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The Small Investor: A Beginner's Guide to Stocks, Bonds, and Mututal Funds Paperback – April 16, 2002

ISBN-13: 978-1580083867 ISBN-10: 1580083862 Edition: 2nd

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Product Details

  • Paperback: 304 pages
  • Publisher: Ten Speed Press; 2 edition (April 16, 2002)
  • Language: English
  • ISBN-10: 1580083862
  • ISBN-13: 978-1580083867
  • Product Dimensions: 9 x 6.1 x 0.9 inches
  • Shipping Weight: 13 ounces
  • Average Customer Review: 4.4 out of 5 stars  See all reviews (7 customer reviews)
  • Amazon Best Sellers Rank: #1,718,283 in Books (See Top 100 in Books)

Editorial Reviews

From Library Journal

Registered investment adviser Gard shares here his enthusiasm for and knowledge of personal investing. He writes clearly and aims for first-time investors, those with upwards of $5000 to invest who have read about the stock market and its possibilities but are intimidated for various reasons. For those unwilling or not yet ready to do the research and make decisions, he explains the concept and use of mutual funds. He also includes a chapter on bonds, but his real love is stock investing. Those contemplating buying individual stocks are rightly warned that there is no easy way to wealth and no guarantees, and that "it is possible for everyone to win, but not everyone will win." Each chapter concludes with a recommended further reading list of about five solid, recent, or classic works. Although it lacks any tax discussions, Gard's user-friendly (and cheap) book should be in public libraries.?Alexander Wenner, Indiana Univ. Libs., Bloomington
Copyright 1996 Reed Business Information, Inc. --This text refers to an out of print or unavailable edition of this title.

From the Publisher

The stock market turmoil of the past two years has made seasoned brokers and novice investors alike scratch their heads in disbelief and wonder whether feast or continued famine lurks around the next bend. In such uncertain times, the only cover to head for is the kind of time-proven investment strategies that Jim Gard has espoused for years. A sound investment strategy trumps all hype and trends, and the good news is that the basics are easy to master. In this newly revised edition of his classic work, Gard presents straightforward money-management lessons and planning tools to help small investors with little or no experience get their portfolio off to a solid start. Gard clearly explains the profit potential and risks of loss associated with each type of investment, and helps small investors assess which strategy is the best match for their financial goals.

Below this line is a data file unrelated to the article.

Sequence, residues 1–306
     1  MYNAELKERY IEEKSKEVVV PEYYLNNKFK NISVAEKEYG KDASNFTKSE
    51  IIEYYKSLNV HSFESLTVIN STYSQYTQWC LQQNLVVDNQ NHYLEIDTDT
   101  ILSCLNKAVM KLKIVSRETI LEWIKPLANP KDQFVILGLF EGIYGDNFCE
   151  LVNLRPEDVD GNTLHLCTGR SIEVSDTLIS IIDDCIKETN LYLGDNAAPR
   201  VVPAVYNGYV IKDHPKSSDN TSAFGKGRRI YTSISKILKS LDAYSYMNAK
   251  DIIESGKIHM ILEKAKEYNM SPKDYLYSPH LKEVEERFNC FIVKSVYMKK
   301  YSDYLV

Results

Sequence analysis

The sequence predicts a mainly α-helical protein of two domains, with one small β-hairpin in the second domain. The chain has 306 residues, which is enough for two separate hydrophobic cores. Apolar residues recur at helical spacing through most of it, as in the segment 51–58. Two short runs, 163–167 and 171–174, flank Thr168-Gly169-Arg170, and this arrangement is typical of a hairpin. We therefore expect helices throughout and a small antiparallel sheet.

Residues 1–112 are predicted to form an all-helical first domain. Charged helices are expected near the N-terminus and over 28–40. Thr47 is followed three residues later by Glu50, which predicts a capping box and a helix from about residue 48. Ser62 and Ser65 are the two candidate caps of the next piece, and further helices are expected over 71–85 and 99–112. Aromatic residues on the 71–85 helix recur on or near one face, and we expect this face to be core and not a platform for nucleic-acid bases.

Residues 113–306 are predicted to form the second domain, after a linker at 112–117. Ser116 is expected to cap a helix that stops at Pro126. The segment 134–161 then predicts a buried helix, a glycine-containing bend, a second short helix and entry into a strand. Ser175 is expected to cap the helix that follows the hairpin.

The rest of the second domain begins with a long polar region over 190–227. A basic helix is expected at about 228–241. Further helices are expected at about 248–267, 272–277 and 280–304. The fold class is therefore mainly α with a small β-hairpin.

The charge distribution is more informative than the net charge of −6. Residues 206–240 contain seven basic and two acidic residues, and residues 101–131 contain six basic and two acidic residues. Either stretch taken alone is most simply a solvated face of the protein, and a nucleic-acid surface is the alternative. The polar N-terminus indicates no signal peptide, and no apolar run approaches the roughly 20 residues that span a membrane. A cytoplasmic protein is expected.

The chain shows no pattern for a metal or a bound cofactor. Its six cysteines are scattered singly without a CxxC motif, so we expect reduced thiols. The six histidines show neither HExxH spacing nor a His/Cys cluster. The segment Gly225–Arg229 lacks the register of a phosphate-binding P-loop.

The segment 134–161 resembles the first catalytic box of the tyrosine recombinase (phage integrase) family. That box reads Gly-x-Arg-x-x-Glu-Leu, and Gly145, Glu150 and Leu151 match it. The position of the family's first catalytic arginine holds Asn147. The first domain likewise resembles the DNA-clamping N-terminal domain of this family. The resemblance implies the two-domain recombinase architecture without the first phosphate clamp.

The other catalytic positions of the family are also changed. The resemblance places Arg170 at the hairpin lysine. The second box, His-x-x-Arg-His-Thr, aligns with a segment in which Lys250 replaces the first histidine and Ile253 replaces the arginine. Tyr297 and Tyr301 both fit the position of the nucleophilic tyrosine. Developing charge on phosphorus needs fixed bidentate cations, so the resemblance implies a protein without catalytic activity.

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Customer Reviews

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Most Helpful Customer Reviews

40 of 40 people found the following review helpful By Jim Hagen (jehagen@kennametal.com) on January 2, 1998
Format: Paperback
The Small Investor is an excellent book to read if you are looking for a complete and basic introduction to the subject of investing. I found the chapters on Professional Help and Selecting Mutual Funds to be particularly helpful. A feature that Jim Gard included that I really appreciate is the "Recommended Further Reading" that is at the end of each chapter. It gives you a place to go to examine the subject in more detail than would be appropriate in a "Primer." This book is ideal for anyone just entering the world of investments. Financial Planners and Money Managers should consider giving a copy of this book to each of their new clients. Jim Hagen
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3 of 3 people found the following review helpful By pristine on August 31, 2005
Format: Paperback
The down-to-earth approach of this book ensures that it is more dense than other guides for beginners. Gets you from knowing absolutely nothing to a level at which you can start reading about technical analysis, read financial papers, annual and quarterly reports. Good 'further reading' tips. Good coverage of bonds. Options and futures are discarded as being equivalent to gambling. Parts about the risks of investing, how to spread the investment, and the role of brokers is a little boring, but this really is a good starter.
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By L. Cook on May 26, 2010
Format: Paperback Verified Purchase
This is a great book on "where do I start?" It covers everything from mutual funds to stocks to bonds and beyond. I do, however, believe Mr Gard is a little wrong in some areas - such as purchasing mutual funds with loads, and higher management fees. He says that as long as everyone is making money, be happy. However, most mutual fund managers do not consistently beat the index and therefore higher fees eat into YOUR bottom line.
This book is once again a great starting place because it explains the basics. Plus, it gives the concept of PIG- Protection, Income, Growth. What do you want your PIG to be?
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By Tony W. Pow on March 22, 2014
Format: Paperback
I recommended it to beginners. The next book you should read is Profitable Investing for Beginners and Couch Potatoes. This book uses advanced techniques simplified for beginners. It includes most common topics in investing including market timing that has been proven working for the last two crashes. If it does not work for you (too advanced?), return it (check the return policy).

http://www.amazon.com/dp/B00I8VWQRI
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